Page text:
“The problem isn’t that something made you feel bad for a little bit of time, but that it isn’t healthy to have it impact your entire day, or have it cause a domino effect of negative thoughts that aren’t related at all,” says psychotherapist Matt Lundquist, LCSW. And, as anyone who's ever let a simple simple rejection letter give way to thoughts about not being good enough in general knows, it's easy to fall into this spiral. Thankfully, however, experts have tips to offer to help lessen (if not completely obliterate) those spirals completely.
Ready to learn how to stop negative thinking from ruining your day? Ahead, check out 10 easy methods, all of which take five minutes or less.
Not sure how to stop negative thinking from spiraling out of control? Try these 10 methods:
1. Ask for a reality check
Sometimes, a voice that isn’t your own can help you realize that most often, your thoughts aren’t true. “Taking a reality test with a friend, who will question your thoughts and ask you to find evidence of them being true—for instance, the irrational fear of you suddenly deciding you fail at everything you put your mind to—can really help put things in perspective,” says Lundquist. “This friend can offer alternate thoughts, distract you, and recommend other ways to deal with your emotions.”
2. Get moving
“Just moving around for a little bit, like by taking a short walk or doing a quick yoga flow can change your whole outlook, get you out of the spiral, and give you those feel-good, mood-boosting endorphins,” says nutritionist Carolyn Brown, MS, RD. “The saying goes, ‘move a muscle, change a thought,’ and that can really transform how you experience the rest of your day.”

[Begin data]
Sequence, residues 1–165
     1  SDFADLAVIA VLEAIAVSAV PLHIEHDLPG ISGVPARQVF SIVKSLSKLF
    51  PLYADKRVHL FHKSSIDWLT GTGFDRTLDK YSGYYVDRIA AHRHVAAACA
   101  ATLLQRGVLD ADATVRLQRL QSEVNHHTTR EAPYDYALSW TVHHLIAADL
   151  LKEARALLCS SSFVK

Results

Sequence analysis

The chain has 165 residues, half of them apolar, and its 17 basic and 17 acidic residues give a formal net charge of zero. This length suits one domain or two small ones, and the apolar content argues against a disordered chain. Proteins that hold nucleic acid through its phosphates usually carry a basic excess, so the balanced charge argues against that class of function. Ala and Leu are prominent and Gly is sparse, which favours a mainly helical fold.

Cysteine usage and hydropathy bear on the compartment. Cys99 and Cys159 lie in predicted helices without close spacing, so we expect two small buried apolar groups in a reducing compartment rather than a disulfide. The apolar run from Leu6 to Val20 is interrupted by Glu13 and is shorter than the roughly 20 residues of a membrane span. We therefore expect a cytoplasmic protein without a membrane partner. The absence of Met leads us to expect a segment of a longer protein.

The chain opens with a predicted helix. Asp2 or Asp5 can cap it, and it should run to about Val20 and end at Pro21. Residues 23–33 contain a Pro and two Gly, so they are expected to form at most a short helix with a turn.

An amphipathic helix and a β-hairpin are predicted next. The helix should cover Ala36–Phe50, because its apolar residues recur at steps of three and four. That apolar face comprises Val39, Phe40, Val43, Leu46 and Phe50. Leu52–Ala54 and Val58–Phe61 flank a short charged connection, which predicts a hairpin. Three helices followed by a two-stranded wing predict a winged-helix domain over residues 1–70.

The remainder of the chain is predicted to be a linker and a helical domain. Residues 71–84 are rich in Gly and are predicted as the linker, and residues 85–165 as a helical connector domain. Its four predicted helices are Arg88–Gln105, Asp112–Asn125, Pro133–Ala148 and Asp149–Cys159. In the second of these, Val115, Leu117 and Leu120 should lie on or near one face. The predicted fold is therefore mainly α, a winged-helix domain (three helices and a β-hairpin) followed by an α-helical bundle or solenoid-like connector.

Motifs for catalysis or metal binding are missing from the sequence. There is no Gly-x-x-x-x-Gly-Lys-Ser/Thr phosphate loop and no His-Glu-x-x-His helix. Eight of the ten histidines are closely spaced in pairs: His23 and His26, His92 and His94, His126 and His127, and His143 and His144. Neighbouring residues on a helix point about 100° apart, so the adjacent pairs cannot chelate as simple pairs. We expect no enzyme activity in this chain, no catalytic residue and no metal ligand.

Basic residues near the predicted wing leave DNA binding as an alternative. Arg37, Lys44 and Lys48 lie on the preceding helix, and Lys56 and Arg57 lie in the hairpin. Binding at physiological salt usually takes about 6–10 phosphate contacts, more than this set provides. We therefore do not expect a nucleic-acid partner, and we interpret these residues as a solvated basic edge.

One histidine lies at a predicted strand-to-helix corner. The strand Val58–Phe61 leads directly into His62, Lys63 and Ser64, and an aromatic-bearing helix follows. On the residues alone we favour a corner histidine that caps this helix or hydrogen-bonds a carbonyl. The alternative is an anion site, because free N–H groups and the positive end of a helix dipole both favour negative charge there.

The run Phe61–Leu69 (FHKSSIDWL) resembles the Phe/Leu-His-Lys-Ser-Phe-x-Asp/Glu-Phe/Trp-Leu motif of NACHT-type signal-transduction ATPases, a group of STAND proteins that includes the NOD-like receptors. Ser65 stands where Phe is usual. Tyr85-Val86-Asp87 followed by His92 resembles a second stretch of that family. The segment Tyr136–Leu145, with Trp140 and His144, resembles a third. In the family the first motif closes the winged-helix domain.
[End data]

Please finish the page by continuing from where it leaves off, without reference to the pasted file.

And of course, if you have time at that moment to have a longer sweat sesh or to hit the gym, do it, if only to get your mind off your thoughts for a little while longer.
3. Meditate on your thoughts
“Having awareness of your thoughts is the process by which we begin to notice our thoughts. As we develop greater awareness, we learn to reframe our thoughts for greater empowerment and positivity—and positive thoughts actually create positive outcomes,” says dating coach and relationship expert Monica Parikh, who meditates every morning to reach that level of consciousness.
“As you develop a consistent and disciplined approach, you'll become a calm observer. You can detach from identifying with your thoughts or feelings, and can simply observe and release them. Soon, you learn that your thoughts are not 100 percent accurate, but rather something that can be changed,” she adds.
4. Reach for a slightly higher thought
It's tough to know how to stop negative thinking from ruining your day in every instance, since, often it's hard or even impossible to transition quickly from negative to happy. In this case, you can still prioritize small wins to slightly shift your thoughts and mood. “It’s about consciously choosing to redirect our attention toward something that feels slightly better, even if it’s completely unrelated,” says nutritionist and life coach Khushbu Thadani.
“It’s about consciously choosing to redirect our attention toward something that feels slightly better, even if it’s completely unrelated.” —life coach Khushbu Thadani
For example, if you’re sad about a recent breakup, allowing yourself to be angry at the person may not be the best feeling, but it’s still higher on the scale than sadness—or if you feel worried about an upcoming job, consider watching a funny movie to feel a sense of humor about it. “This is a simple shift, but if you keep doing it, you’ll naturally keep reaching for higher and better thoughts,” says Thadani.
5. Visualize it away